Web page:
I don’t “celebrate” International Women’s Day because I think every day is a day for women. I don’t march because I have no faith that a single day of marching makes a damn bit of difference. Remember that big Climate Change Awareness march? The one where hundreds of folks took to the streets? What changed?
Emma Watson is staging an International Women’s Day event for Sunday, March 8 and she wants to know what we all will do to promote gender equality. There are many events scheduled worldwide to promote and celebrate an event that got its start in 1909.
While annual events are nice, it’s the day in, day out things that make change happen. That’s how we ended the Vietnam War; we didn’t speak out on one day in March, rather we didn’t stop talking until we had our troops home. Make a list, people. Get out and start doing small things every day and if you’ve got a huge audience like Emma has, use it.
Here’s what I do to promote gender equality and fair treatment of women:
- I buy my coffee from the only coffee cart I know in New York that is run by women. Two women, in all kinds of awful New York weather, serve coffee and fresh goodies from a tin cart in Queens.
- I buy scarves from a group of former American service members who are advancing women’s crafts in Afghanistan, through their initiative called Flying Scarfs.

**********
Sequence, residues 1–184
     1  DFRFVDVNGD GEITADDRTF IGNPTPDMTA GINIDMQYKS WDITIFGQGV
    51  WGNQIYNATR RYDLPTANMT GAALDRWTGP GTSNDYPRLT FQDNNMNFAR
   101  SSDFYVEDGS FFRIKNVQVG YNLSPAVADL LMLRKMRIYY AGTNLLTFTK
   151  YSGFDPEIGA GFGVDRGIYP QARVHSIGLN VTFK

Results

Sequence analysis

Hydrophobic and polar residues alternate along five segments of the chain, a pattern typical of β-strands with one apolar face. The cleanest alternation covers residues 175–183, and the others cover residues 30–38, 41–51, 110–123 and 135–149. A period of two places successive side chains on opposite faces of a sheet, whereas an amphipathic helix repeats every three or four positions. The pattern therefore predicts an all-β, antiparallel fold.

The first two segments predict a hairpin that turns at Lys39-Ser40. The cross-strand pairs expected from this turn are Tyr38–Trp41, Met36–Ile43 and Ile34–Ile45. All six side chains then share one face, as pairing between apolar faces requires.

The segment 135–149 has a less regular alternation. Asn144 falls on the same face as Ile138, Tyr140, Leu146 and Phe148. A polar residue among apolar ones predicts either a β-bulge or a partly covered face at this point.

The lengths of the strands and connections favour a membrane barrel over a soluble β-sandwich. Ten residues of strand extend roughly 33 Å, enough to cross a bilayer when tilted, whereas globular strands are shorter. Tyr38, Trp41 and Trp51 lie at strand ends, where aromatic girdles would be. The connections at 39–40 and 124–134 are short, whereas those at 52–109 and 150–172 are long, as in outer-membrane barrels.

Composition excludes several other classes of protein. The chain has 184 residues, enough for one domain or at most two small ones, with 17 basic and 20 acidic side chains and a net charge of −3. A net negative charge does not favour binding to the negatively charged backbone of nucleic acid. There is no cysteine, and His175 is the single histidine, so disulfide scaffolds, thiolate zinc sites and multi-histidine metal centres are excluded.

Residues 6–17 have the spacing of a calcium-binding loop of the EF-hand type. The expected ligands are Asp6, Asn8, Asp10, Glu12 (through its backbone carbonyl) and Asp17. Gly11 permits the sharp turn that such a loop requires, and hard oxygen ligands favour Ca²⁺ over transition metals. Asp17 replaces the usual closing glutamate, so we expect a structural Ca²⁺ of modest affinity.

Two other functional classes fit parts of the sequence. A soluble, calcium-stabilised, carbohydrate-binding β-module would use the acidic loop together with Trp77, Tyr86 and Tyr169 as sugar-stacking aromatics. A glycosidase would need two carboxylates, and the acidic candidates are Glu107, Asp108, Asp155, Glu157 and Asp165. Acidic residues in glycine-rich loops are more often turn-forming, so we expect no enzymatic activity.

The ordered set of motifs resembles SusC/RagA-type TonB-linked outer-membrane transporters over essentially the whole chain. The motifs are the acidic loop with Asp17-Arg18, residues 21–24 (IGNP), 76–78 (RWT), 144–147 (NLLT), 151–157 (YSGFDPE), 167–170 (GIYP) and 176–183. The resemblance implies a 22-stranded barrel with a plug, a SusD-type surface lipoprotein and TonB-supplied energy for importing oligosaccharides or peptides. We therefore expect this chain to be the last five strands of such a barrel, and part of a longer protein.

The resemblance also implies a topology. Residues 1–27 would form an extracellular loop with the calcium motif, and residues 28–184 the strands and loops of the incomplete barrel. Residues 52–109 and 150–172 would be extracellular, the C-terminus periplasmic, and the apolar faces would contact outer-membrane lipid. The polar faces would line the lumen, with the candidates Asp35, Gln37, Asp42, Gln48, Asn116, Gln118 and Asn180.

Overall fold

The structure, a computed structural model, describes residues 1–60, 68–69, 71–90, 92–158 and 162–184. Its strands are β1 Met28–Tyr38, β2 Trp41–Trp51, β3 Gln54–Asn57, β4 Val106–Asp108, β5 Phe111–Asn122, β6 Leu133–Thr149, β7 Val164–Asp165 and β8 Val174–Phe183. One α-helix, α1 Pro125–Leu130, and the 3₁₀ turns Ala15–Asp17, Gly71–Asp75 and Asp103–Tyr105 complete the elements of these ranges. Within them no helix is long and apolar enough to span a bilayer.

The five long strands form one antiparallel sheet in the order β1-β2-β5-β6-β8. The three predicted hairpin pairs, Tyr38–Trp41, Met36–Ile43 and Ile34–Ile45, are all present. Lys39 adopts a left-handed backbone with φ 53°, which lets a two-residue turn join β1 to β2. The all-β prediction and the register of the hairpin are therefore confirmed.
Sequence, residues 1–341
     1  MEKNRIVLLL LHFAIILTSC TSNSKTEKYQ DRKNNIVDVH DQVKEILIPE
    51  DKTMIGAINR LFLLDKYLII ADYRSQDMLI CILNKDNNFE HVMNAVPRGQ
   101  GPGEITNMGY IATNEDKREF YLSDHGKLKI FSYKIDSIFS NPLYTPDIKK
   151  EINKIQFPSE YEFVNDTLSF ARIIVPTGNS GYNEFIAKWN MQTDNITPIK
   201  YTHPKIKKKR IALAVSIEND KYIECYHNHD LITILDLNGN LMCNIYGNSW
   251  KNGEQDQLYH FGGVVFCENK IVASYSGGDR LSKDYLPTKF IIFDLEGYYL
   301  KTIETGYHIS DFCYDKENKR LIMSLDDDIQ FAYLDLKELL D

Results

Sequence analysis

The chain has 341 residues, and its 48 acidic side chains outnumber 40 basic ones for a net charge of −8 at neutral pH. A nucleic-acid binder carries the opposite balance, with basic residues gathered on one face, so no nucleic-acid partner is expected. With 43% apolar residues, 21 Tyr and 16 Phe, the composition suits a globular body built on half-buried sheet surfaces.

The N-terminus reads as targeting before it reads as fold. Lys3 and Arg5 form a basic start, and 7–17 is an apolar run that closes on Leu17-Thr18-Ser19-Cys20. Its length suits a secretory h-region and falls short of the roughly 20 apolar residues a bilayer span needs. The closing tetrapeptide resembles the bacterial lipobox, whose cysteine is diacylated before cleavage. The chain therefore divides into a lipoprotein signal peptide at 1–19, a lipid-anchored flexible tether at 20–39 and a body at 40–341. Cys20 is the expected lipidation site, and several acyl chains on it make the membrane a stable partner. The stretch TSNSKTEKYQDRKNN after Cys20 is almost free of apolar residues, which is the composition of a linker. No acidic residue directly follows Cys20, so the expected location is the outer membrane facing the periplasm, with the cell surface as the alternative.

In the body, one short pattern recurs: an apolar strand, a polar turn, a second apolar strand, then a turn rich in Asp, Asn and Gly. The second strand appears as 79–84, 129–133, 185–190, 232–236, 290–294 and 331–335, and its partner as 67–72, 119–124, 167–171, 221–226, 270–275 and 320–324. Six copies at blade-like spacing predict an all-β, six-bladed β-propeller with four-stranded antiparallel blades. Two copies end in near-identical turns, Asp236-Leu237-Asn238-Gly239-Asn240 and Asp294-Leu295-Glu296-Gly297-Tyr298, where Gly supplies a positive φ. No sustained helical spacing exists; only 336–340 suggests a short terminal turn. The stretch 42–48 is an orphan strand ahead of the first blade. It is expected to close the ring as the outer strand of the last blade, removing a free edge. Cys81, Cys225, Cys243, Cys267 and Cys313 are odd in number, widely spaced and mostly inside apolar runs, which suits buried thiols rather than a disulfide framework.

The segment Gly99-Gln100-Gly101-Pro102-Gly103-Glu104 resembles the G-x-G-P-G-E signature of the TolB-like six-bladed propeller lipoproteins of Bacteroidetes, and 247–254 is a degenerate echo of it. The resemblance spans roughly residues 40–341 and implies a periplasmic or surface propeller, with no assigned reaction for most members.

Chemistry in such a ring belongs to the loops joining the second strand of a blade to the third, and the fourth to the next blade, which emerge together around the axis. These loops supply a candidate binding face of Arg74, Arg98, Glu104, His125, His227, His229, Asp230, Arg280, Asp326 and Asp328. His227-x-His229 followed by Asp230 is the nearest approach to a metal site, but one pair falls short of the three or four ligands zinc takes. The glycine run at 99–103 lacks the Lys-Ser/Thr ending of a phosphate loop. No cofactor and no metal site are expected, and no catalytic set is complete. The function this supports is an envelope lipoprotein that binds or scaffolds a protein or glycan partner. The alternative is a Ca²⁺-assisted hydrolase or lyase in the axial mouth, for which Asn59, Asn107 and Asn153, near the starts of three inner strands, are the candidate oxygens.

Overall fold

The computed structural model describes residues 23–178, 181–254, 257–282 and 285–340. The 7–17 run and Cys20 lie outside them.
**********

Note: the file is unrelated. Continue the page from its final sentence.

- When we travel, I look for businesses run by women. This was a challenge when we were in Morocco a couple of years ago, but we did find two shops staffed at least by women and that’s where I shopped.
- I write. I write about inequality and I try to shine a little bit of light on dumb things like the ads for chocolate that only target women — women looking dreamy and stoned, women skipping down the street – as if it were a narcotic and not a sugary snack. My daughters are starting to comment on this kind of advertising now, too.
- I say, “How come?” a lot. Like how come there aren’t any women in this, how come Hollywood pays Jennifer Lawrence less, how come women TV journalists in New York all wear stretch jersey dresses? This stuff bothers me.
- I feel obligated to lead by example so I support my colleagues. I know women who are musicians – I go to their concerts. I know women who are poets and novelists – I buy their books. I know women who host events – I go and when I can’t get there, I donate. Not much, unfortunately, but it’s something.
- I raised four children: three girls and one boy. They all want to know why we have Viagra and Cialis but no cure for breast, uterine, or cervical cancer.
What do you do?
What do you do on any random Tuesday to promote gender equality?
Anne Born is a New York-based writer who has been writing stories and poetry since childhood. She blogs on The Backpack Press and Tumbleweed Pilgrim and her writing focuses on family and life in a big city after growing up in a small one. She is the author of “A Marshmallow on the Bus” and a photographer who specializes in photos of churches, cemeteries, and the Way of St. James in Spain. Most of her writing is done on the bus. www.about.me/anneborn. You can follow Anne on Wattpad, Instagram, and Twitter at @nilesite.
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